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Sep 232011

By Barbara Kessler
Green Right Now

If you’re a supporter of the proposed Keystone XL pipeline set to carry tar sands oil across the American heartland this next year, pipeline owner, TransCanada, the American Petroleum Institute and a fleet of oil industry lobbyists have got your back.

Tar sands pit in Utah.

But if you’re opposed to the project, where do you take your sentiments? In Abraham Lincoln’s day, you would have ridden into DC on a passenger train, marched into the White House during public reception days and complained to the Prez himself.

That seems so quaint 150 years later.

And yet, today’s technology is once again allowing US citizens to knock directly on the White House doors, virtually.

If you consider the Keystone project to be an environmental abomination as many activists do (and we think they have a few good points), you can vent your discontent in a petition to President Obama at the “We the People” webpage at WhiteHouse.gov.

The “Reject the Keystone Pipeline” petition has gathered about 500 signatures since its posting this week. And considering that some 1,500 people were arrested earlier this month protesting the pipeline in person at the White House, it’s a good bet that the petition will meet its 5,000 signature goal.

We think that just seeing the tar sands extraction area in Alberta, Canada, tells the story. Forests are scraped from the earth to mine this sticky, last-resort oil. The production process alone releases three times the carbon emissions of regular oil drilling; the transport of the more corrosive bitumen that’s extracted risks polluting the Ogallala Aquifer, which supplies water to the US breadbasket.

How much effect this, or any, petition to the White House will have cannot be known. Conventional wisdom holds that the pipeline will win approval, because the  early word from the State Department has been positive. State must approve the project for it to go forward because the pipeline would cross the international border from Alberta to Montana.

Still, this week, Friends of the Earth disclosed emails obtained through the Freedom of Information Act showing that TranCanada has been pressuring the US State Department to approve the pipeline and scrambling for inside info to tailor its arguments. The oil company hired a former assistant campaign manager for Hillary Clinton to lobby for the project, and the emails show that he’s been working all his personal ties to gain any advantage.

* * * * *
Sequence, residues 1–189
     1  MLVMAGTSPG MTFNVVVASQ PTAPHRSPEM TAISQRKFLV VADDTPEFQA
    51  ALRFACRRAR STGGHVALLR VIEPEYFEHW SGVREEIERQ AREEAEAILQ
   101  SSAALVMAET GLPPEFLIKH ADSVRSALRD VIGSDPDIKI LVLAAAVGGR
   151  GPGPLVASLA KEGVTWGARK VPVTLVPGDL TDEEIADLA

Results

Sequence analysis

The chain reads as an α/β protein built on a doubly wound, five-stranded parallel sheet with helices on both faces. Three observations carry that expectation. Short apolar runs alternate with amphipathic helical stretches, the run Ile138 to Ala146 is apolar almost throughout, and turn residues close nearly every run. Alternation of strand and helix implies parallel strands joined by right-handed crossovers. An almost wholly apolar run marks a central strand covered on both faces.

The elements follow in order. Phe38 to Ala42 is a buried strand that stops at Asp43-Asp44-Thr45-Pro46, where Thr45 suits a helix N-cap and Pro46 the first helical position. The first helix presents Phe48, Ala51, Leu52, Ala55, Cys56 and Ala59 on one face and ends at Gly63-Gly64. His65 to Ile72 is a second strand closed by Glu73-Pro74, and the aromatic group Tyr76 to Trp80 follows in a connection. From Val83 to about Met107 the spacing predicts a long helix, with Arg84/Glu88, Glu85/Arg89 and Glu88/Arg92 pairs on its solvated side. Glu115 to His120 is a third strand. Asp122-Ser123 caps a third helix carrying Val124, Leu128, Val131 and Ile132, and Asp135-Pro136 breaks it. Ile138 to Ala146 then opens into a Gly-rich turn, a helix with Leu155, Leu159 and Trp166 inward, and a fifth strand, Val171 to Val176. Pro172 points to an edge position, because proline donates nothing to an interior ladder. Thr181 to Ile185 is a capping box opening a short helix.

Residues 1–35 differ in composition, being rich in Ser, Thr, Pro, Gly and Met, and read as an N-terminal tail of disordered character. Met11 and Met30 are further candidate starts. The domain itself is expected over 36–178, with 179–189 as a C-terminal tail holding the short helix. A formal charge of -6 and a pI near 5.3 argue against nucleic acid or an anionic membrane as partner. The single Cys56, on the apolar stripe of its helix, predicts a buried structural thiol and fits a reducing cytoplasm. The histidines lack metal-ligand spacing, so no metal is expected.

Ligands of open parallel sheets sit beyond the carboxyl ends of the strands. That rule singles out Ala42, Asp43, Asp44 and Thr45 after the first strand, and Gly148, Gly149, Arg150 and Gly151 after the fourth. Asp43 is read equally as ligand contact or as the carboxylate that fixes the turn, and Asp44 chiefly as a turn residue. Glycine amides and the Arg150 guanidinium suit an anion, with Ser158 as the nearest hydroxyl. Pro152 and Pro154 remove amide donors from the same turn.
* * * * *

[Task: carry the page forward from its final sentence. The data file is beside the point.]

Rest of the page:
This sounds intriguing. But it’s straight from the standard insider playbook in Washington, where lobbyists make good money parlaying their ties to influential people, or people who know influential people, or even people who may know those in influence.

To fight this sort of thing, you’d have to sign a different petition at We The People, the one asking to abolish “personhood” for corporations. That’s a reference to the Supreme Court ruling in Citizens United vs. the Federal Election Commission that held corporations could contribute as much money as they wanted to politicians, thereby magnifying corporate influence in Washington.

The Supreme Court said in Citizens United that corporations were persons, too, with a right to give money to politicians. Congress, the court ruled, could not restrict corporations from exercising political “speech” via spending their money in this way.

So getting rid of “personhood” for companies would be a first step toward restoring the influence of regular voters, potentially.

The problem, however, is that the White House doesn’t have the authority to simply roll back Supreme Court’s rulings, for obvious reasons. And the ruling specifically calls out Congress, telling lawmakers that restricting corporate givers would violate “their” constitutional rights. And aside from that admonition, why would Congressional representatives and senators, the beneficiaries of this newly opened river of cash, want to cut off their own campaign spigot?

It would appear that the only possible way to level the playing field for regular folks would be if Congress were to enact campaign spending limits that applied to everyone.

Here’s betting that a denial for the Keystone pipeline is more likely than that


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